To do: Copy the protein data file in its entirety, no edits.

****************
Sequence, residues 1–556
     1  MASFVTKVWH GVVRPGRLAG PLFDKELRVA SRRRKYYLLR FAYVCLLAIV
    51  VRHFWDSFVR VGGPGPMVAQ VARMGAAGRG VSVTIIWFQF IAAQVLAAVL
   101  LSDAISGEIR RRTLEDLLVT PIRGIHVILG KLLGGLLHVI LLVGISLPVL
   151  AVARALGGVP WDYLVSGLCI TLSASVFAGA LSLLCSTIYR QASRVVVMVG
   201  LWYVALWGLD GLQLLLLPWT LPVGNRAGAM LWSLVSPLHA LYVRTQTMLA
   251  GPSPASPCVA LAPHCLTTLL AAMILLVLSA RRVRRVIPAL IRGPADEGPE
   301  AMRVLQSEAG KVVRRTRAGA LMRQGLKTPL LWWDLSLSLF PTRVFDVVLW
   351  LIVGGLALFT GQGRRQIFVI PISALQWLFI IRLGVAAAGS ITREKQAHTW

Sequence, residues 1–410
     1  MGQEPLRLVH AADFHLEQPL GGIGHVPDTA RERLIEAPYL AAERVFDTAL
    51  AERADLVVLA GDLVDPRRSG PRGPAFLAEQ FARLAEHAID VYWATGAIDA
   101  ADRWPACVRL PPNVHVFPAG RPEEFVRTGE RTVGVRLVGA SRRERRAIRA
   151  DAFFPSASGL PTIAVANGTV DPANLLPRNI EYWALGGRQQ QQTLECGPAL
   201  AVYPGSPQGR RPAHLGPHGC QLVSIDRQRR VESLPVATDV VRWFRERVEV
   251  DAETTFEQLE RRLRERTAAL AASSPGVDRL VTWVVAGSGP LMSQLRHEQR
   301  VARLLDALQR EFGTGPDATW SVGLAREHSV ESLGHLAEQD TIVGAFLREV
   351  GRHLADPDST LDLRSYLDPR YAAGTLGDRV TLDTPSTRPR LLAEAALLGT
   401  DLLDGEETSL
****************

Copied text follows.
Sequence, residues 1–556
     1  MASFVTKVWH GVVRPGRLAG PLFDKELRVA SRRRKYYLLR FAYVCLLAIV
    51  VRHFWDSFVR VGGPGPMVAQ VARMGAAGRG VSVTIIWFQF IAAQVLAAVL
   101  LSDAISGEIR RRTLEDLLVT PIRGIHVILG KLLGGLLHVI LLVGISLPVL
   151  AVARALGGVP WDYLVSGLCI TLSASVFAGA LSLLCSTIYR QASRVVVMVG
   201  LWYVALWGLD GLQLLLLPWT LPVGNRAGAM LWSLVSPLHA LYVRTQTMLA
   251  GPSPASPCVA LAPHCLTTLL AAMILLVLSA RRVRRVIPAL IRGPADEGPE
   301  AMRVLQSEAG KVVRRTRAGA LMRQGLKTPL LWWDLSLSLF PTRVFDVVLW
   351  LIVGGLALFT GQGRRQIFVI PISALQWLFI IRLGVAAAGS ITREKQAHTW

Sequence, residues 1–410
     1  MGQEPLRLVH AADFHLEQPL GGIGHVPDTA RERLIEAPYL AAERVFDTAL
    51  AERADLVVLA GDLVDPRRSG PRGPAFLAEQ FARLAEHAID VYWATGAIDA
   101  ADRWPACVRL PPNVHVFPAG RPEEFVRTGE RTVGVRLVGA SRRERRAIRA
   151  DAFFPSASGL PTIAVANGTV DPANLLPRNI EYWALGGRQQ QQTLECGPAL
   201  AVYPGSPQGR RPAHLGPHGC QLVSIDRQRR VESLPVATDV VRWFRERVEV
   251  DAETTFEQLE RRLRERTAAL AASSPGVDRL VTWVVAGSGP LMSQLRHEQR
   301  VARLLDALQR EFGTGPDATW SVGLAREHSV ESLGHLAEQD TIVGAFLREV
   351  GRHLADPDST LDLRSYLDPR YAAGTLGDRV TLDTPSTRPR LLAEAALLGT
   401  DLLDGEETSL